Melton v. Alaska Career College, Inc. et al, No. 3:2015cv00209 - Document 36 (D. Alaska 2016)
Court Description: ORDER Granting Motion for Summary Judgment at Docket 12 . (CC: DQA) (Jan, Chambers Staff)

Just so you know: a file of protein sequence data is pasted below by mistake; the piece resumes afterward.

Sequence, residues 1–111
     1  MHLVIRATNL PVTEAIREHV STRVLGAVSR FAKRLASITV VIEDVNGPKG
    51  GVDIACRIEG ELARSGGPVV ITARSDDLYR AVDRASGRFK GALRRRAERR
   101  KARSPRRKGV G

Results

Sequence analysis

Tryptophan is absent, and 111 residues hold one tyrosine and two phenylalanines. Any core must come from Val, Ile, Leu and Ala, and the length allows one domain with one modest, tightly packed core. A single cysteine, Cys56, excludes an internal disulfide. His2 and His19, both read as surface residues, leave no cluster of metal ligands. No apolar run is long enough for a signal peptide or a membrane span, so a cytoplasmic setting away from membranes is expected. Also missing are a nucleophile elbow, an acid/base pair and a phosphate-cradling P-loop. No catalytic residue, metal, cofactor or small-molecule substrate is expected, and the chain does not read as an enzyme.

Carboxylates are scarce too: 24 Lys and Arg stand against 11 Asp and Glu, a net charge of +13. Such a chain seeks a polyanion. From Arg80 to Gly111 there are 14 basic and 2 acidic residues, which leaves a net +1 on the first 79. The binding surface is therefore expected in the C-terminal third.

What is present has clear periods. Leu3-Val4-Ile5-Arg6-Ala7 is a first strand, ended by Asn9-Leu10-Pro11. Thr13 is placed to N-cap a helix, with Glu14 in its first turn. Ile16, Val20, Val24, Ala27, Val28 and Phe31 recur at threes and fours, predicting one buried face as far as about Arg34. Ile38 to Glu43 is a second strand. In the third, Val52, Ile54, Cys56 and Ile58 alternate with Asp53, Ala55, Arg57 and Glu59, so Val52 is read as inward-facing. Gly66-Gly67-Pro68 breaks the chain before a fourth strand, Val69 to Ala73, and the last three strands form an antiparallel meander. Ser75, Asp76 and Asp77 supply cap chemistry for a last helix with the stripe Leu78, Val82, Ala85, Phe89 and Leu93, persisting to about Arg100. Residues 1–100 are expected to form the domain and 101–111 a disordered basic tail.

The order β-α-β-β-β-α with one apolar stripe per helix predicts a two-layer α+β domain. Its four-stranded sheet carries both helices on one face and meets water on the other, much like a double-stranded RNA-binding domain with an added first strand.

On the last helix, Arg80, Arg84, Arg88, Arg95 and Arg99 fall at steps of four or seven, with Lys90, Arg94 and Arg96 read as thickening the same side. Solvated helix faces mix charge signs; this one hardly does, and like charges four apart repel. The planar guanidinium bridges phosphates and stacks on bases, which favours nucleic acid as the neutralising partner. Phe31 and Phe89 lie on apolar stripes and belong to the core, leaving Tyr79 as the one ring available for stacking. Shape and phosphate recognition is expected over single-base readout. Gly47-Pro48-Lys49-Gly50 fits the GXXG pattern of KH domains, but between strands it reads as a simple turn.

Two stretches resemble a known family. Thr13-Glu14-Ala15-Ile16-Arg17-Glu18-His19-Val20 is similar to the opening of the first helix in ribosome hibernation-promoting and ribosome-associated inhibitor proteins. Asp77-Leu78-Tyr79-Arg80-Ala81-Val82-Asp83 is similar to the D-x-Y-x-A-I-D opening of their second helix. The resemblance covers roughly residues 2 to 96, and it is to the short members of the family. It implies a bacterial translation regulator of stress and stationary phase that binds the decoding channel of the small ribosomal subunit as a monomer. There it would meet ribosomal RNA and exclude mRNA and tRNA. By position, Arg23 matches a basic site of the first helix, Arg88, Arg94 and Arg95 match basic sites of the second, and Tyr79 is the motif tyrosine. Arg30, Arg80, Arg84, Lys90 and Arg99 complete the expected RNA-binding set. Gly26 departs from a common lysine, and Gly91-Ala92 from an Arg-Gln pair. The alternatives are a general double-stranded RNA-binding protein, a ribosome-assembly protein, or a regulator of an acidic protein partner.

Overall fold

Melton v. Alaska Career College, Inc. et al Doc. 36 IN THE UNITED STATES DISTRICT COURT FOR THE DISTRICT OF ALASKA MACEO MELTON, Plaintiff, v. Case No. 3:15-cv-209 RRB ORDER GRANTING MOTION FOR SUMMARY JUDGMENT (DOCKET 12) ALASKA CAREER COLLEGE, INC., JENNIFER DIETZ, and DON DIETZ. Defendants. Plaintiff, Maceo Melton, proceeding pro se, brought this suit against the Alaska Career College, Inc. (“ACC”), and Jennifer and Don Dietz (owners of ACC), alleging racial discrimination, retaliation for engaging in activities protected under Titles IV, VI, VII, and IX, sexual harassment, failure to prevent sexual harassment, intentional infliction of emotional distress, gender discrimination, deprivation of Federal rights under 42 U.S.C. § 1983, negligence, collusion, and malicious abuse of process.1 Defendants have moved for summary judgment on all counts.2 Plaintiff 1 Docket 10-48 (First Amended Complaint). 2 Docket 12. ORDER GRANTING MOTION FOR SUMMARY JUDGMENT AT DOCKET 12 - 1 3:15-cv-0209-RRB Dockets.Justia.com has opposed the motion and Defendants filed a reply.3 The Court, being fully advised, hereby GRANTS Defendants’ Motion for Summary Judgment and DISMISSES this matter in its entirety. I. STANDARD OF REVIEW Summary judgment is appropriate when the pleadings, depositions, answers to interrogatories, and admissions on file, together with affidavits, if any, show there is no genuine issue as to any material fact and that the moving party is entitled to judgment as a matter of law.4 The moving party bears the initial burden of proof for showing that no fact is in dispute.5 If the moving party meets that burden, then it falls upon the non-moving party to refute with facts that would indicate a genuine issue of fact for trial.6 Summary judgment is appropriate if the facts and allegations presented by a party are merely colorable, or are not significantly probative.7 Under Federal Rules of Civil Procedure 56(e)(2), a district court can enter a summary judgment against a party that fails to oppose the issues raised in a motion for summary judgment if 3 Docket nos. 30, 34 & 28. Additional briefing was filed at Docket 35. 4 Fed. R. Civ. P. 56( c). 5 Celotex Corp. v. Catrett, 477 U.S. 317, 325 (1986). 6 Anderson v. Liberty Lobby, Inc., 477 U.S. 242, 250 (1986). 7 Id., see also In re Lewis, 97 F.3d 1182, 1187 (9th Cir. 1996); Taylor v. List, 880 F.2d 1040, 1045 (9th Cir. 1995). ORDER GRANTING MOTION FOR SUMMARY JUDGMENT AT DOCKET 12 - 2 3:15-cv-0209-RRB it is appropriate to do so.8 Such an action is deemed appropriate when the motion for summary judgment adequately contends that there are no triable issues of fact.9 II. FACTS The facts are taken primarily from Plaintiff’s First Amended Complaint.10 Plaintiff, between February 2012 and February 2013, was a student at ACC in the Therapeutic Massage Program in Anchorage, Alaska. ACC received Federal financial assistance and was a private/for profit school/corporation doing business in Alaska. ACC is owned by Don and Jennifer Dietz. Plaintiff alleges that he was subjected to severe and pervasive sexual harassment by a female instructor, Samantha Russell, including sexist, racist, and otherwise inappropriate comments and text messages. Plaintiff complained of some incidents to the Dean of ACC and was told to address the problem directly with the instructor. However, after Plaintiff shared the sexually explicit text messages, ACC acted and two days later the instructor resigned. Plaintiff alleges that the instructor had a history of making sexually inappropriate comments in front of the class. Plaintiff complains that ACC had no clear written policies regarding sexual harassment. Plaintiff also complains that “at least one year prior to the incident involving Plaintiff, there were several other incidents and allegations involving ACC instructor Samantha Russell.”11 Plaintiff also alleges that he was subjected to retaliation and 8 Lopez v. Costco Wholesale Corp., 2009 WL 3246847, at *5 (E.D.Cal. Oct. 7, 2009). 9 Id. 10 Docket 10-48. 11 Docket 31 at 4. ORDER GRANTING MOTION FOR SUMMARY JUDGMENT AT DOCKET 12 - 3 3:15-cv-0209-RRB adverse actions, treatment, and conditions by the Defendant for engaging in activities protected under Title IX, Title IV, Title VI, and Title VII. He also alleges violations of Alaska Statute 14.18.010. Although Plaintiff alleges that he was banned from campus, he conceded in his deposition that he was never actually asked to leave campus.12 He alleges that he was not allowed to attend graduation, yet he conceded at his deposition that he chose not to attend graduation because he “didn’t feel welcome.”13 Finally, he alleges being “blackballed” within the massage therapist employment network. III. DISCUSSION Plaintiff suggests that “the fundamental basis for [his] complaint against the Defendants is the Defendant’s failure to implement, abide by, and enforce Title VII of the Civil Rights act of 1968 and Title IX of the Education Act of 1972.”14 Defendants move for summary judgment on each Count in Plaintiff’s Complaint. A. Retaliation, Adverse Actions, and Treatment for Engaging in Protected Activity and Whistleblower Activity - Titles IV, VI, VII and IX Title IV primarily addresses desegregation in public schools and is applicable only to public schools. 42 U.S.C. § 2000c, et seq. Title IV is not applicable in the context of a private school such as ACC. All counts related to Title IV are accordingly dismissed. 12 Docket 12-2 at 46. 13 Docket 12-2 at 43. 14 Docket 34 at 2. ORDER GRANTING MOTION FOR SUMMARY JUDGMENT AT DOCKET 12 - 4 3:15-cv-0209-RRB Title VI provides that “[n]o person in the United States shall, on the grounds of race, color, or national origin, be excluded from participation in, be denied the benefits of, or be subjected to discrimination under any program or activity receiving Federal financial assistance.”15 Plaintiff alleges a Title VI disparate treatment claim because he, a black student, was sexually harassed by a white teacher.16 Plaintiff further complains that “ACC paid a ‘white’ male student an out-of-court settlement based on similar allegations against a former employee.”17 The Court agrees with Defendants that Plaintiff has failed to show a prima facie case of discrimination for the reasons discussed at Docket 12 at 18-24. There is simply no evidence that Plaintiff was treated differently than other massage therapy students or subject to discrimination by Defendants. All Counts related to Title VI are accordingly dismissed. Title VII protects employees from discrimination based upon race or sex.18 Defendants argue that Title VII is inapplicable here because Plaintiff was not an employee of ACC. However, Plaintiff argues that ACC was a postsecondary institution that provides “‘hands-on’ vocational training to its students.”19 Plaintiff’s argument appears to be that his status as a student working for the school, which charged fees to clients for his services, renders Title VII applicable. However, 15 42 U.S.C. §2000d. 16 Docket 10-48 at 56. 17 Docket 10-48 at 48. 18 42 U.S.C. § 2000e-2. 19 Docket 34 at 7. ORDER GRANTING MOTION FOR SUMMARY JUDGMENT AT DOCKET 12 - 5 3:15-cv-0209-RRB [w]here no financial benefit is obtained by the purported employee from the employer, no “plausible” employment relationship of any sort can be said to exist because although “compensation by the putative employer to the putative employee in exchange for his services is not a sufficient condition, ... it is an essential condition to the existence of an employer-employee relationship.”20 Here, students provided services to members of the public to further their practical skills, clients paid the clinic $30 to cover clinic expenses. No wages or employee benefits were provided to students.21 Plaintiff was not an employee and therefore Title VII does not apply. Title IX states that: “No person in the United States shall, on the basis of sex, be excluded from participation in, be denied the benefits of, or be subjected to discrimination under any education program or activity receiving Federal financial assistance.”22 The Supreme Court has held that “it would ‘frustrate the purposes’ of Title IX to permit a damages recovery against a school district for a teacher's sexual harassment of a student based on principles of respondeat superior or constructive notice, i.e., without actual notice to a school district official.23 It is undisputed here that the teacher who sent the text messages to Plaintiff resigned two days after Plaintiff first brought the text messages to the attention of ACC. Plaintiff maintains that Title IX nevertheless applies here because ACC was not properly administering its responsibilities under Title IX.24 Whether or not this is the case, however, is irrelevant to Plaintiff’s underlying claims. Title IX does not allow damages for 20 O'Connor v. Davis, 126 F.3d 112, 115-16 (2d Cir. 1997) (citations omitted). 21 Docket 35 at 11. 22 20 U.S.C.A. § 1681. 23 Gebser v. Lago Vista Indep. Sch. Dist., 524 U.S. 274, 285 (1998). 24 Docket 34 at 14. ORDER GRANTING MOTION FOR SUMMARY JUDGMENT AT DOCKET 12 - 6 3:15-cv-0209-RRB alleged violations of administrative requirements.25 Rather, it requires a deliberate failure to curtail known harassment, rather than the harassment itself, in order for a school to be liable for the sexual harassment of a student by a teacher.26 Plaintiff’s Title IX claims fail. With respect to Plaintiff’s claim that he was retaliated against for “whistleblower activity,” because he “reported possible violations of federal civil rights laws and mandates,”27 it is unclear on what legal grounds Plaintiff seeks relief as a “whistleblower.”28 The Court is unable to discern any protected whistleblower activity, and accordingly dismisses Plaintiff’s Whistleblower claim. B. Intentional Infliction of Emotional Distress Plaintiff alleges “actual or constructive knowledge of extreme and outrageous conduct” on the part of the Defendants, and that he “has suffered and will continue to suffer mental distress and anguish.”29 Defendants move for summary judgment, arguing that Plaintiff fails to show evidence of “extreme and outrageous conduct,” as required by Alaska law.30 “Extreme and outrageous conduct” is defined as conduct that is “so outrageous in character, and so extreme in degree, as to go beyond 25 See Gebser v. Lago Vista Independent School Dist., 524 U.S. 274, 292 (1998). 26 See Davis v. Monroe County Bd. Of Educ., 526 U.S. 629, 641 (1999). 27 Docket 10-48 at 14. 28 See Docket 12 at 27. 29 Docket 10-48 at 19. 30 Docket 12 at 33 (citing Finch v. Greatland Foods, Inc., 21 P.3d 1282, 1288-90 (Alaska 2001)). ORDER GRANTING MOTION FOR SUMMARY JUDGMENT AT DOCKET 12 - 7 3:15-cv-0209-RRB all possible bounds of decency, and to be regarded as atrocious, and utterly intolerable in a civilized community.”31 Defendant has failed to make a responsive argument to the motion for summary judgment on this issue. The Court finds that, absent further argument by Plaintiff, there is no indication that the harassment in this case was “beyond all possible bounds of decency.” The Intentional Infliction of Emotional Distress claim is dismissed. C. Deprivation of Rights under 42 U.S.C. § 1983 Section 1983 does not apply here. Private entities are not state actors and are not subject to suit pursuant to § 1983. The question is whether the school’s actions can be attributed to the State.32 It is undisputed that ACC is a privately owned and privately operated institution.33 “That a private entity performs a function which serves the public does not make its acts state action.”34 Plaintiff’s claim under §1983 is dismissed. D. Negligence Plaintiff seeks damages under common law for the Defendants’ breach of the duty of care to protect Plaintiff from sexual harassment.35 Defendants argue that Title IX outlines the school’s obligation regarding conducting an investigation, and that Plaintiff’s negligence claim as well (as 31 21 P.3d at 1289. 32 See Rendell-Baker v. Kohn, 457 U.S. 830, 840 (1982). 33 See Docket 12 at 6; Docket 29-2 at 3. 34 457 U.S. at 842. 35 Docket 10-48 at 23. ORDER GRANTING MOTION FOR SUMMARY JUDGMENT AT DOCKET 12 - 8 3:15-cv-0209-RRB his claims for “collusion and fraud”) are preempted by Title IX.36 Plaintiff made no responsive argument in any of his pleadings. The Court finds that under Davis Next Friend LaShonda D. v. Monroe Cty. Bd. of Educ., the Supreme Court “declined the invitation to impose liability under what amounted to a negligence standard . . . [concluding] that the district could be liable for damages only where the district itself intentionally acted in clear violation of Title IX.”37 Plaintiff’s common law negligence claims are dismissed. E. Malicious Abuse of Process Plaintiff alleges that Defendants “perverted” the Title IX investigation “to accomplish an ulterior purpose.38 “Abuse of process” is a term of art. “The Restatement (Second) of Torts defines abuse of process as the misuse of a legal process against another primarily to accomplish a purpose for which it was not designed. Alaska law requires two elements for the claim:(1) ulterior purpose independent from the process, and (2) a willful act in the use of the process that is not proper in the regular conduct of the proceeding.”39 Defendants argue that Plaintiff fails to allege any willful act by Defendants other than engaging in an investigation, which is “simply insufficient to bring a claim for abuse of process.”40 Plaintiff has not made a responsive argument. The Court finds that Defendants’ act of starting an investigation, which culminated in the resignation of the offending 36 Docket 12 at 34- 36. 37 526 U.S. 629, 642, 119 S. Ct. 1661, 1671, 143 L. Ed. 2d 839 (1999) 38 Docket 10-48 at 24. 39 Greywolf v. Carroll, 151 P.3d 1234, 1243 (Alaska 2007). 40 Docket 12 at 37. ORDER GRANTING MOTION FOR SUMMARY JUDGMENT AT DOCKET 12 - 9 3:15-cv-0209-RRB party, gives no indication of an “abuse of process,” nor has Plaintiff identified how the investigation resulted in damages to him. The Malicious Abuse of Process claim is DISMISSED. IV. CONCLUSION Plaintiff is not entitled to relief under Section 1983, Title IV, or Title VII because Defendant is a private school and not a state actor, and Plaintiff was not an employee of ACC. Defendants are not liable for violations of Title IX. There is no private right of action for failing to publicize an effective policy and grievance procedure for sexual harassment claims. Also, there is no private right of action against individual Defendants Jennifer Deitz and Don Deitz for alleged violations of Title IX. Plaintiff has failed to meet his burden of showing a prima facie case of racial discrimination. Plaintiff fails to show that he received worse treatment than that of a similarly situated student not in his protected class. There is no private right of action against Defendants Jennifer Deitz and Don Deitz for alleged violation of racial discrimination. Plaintiff has failed to show any genuine issue of material fact regarding retaliation. Defendants are not liable for intentional infliction of emotional distress as the alleged acts of retaliation, taken in the light most favorable to the Plaintiff, are not so outrageous in character, or so extreme in degree, as to go beyond all possible bounds of decency, and to be regarded as atrocious, and utterly intolerable in a civilized community. Plaintiff’s claim for common law negligence is preempted by Title IX. Plaintiff fails to allege any facts to support a claim for fraud or malicious abuse of process. ORDER GRANTING MOTION FOR SUMMARY JUDGMENT AT DOCKET 12 - 10 3:15-cv-0209-RRB Defendants’ Motion for Summary Judgment at Docket 12 is GRANTED. There are no genuine issues of material facts and Defendants are entitled to judgment as a matter of law. This matter is DISMISSED in its entirety. IT IS SO ORDERED this 4th day of April, 2016. S/RALPH R. BEISTLINE UNITED STATES DISTRICT JUDGE ORDER GRANTING MOTION FOR SUMMARY JUDGMENT AT DOCKET 12 - 11 3:15-cv-0209-RRB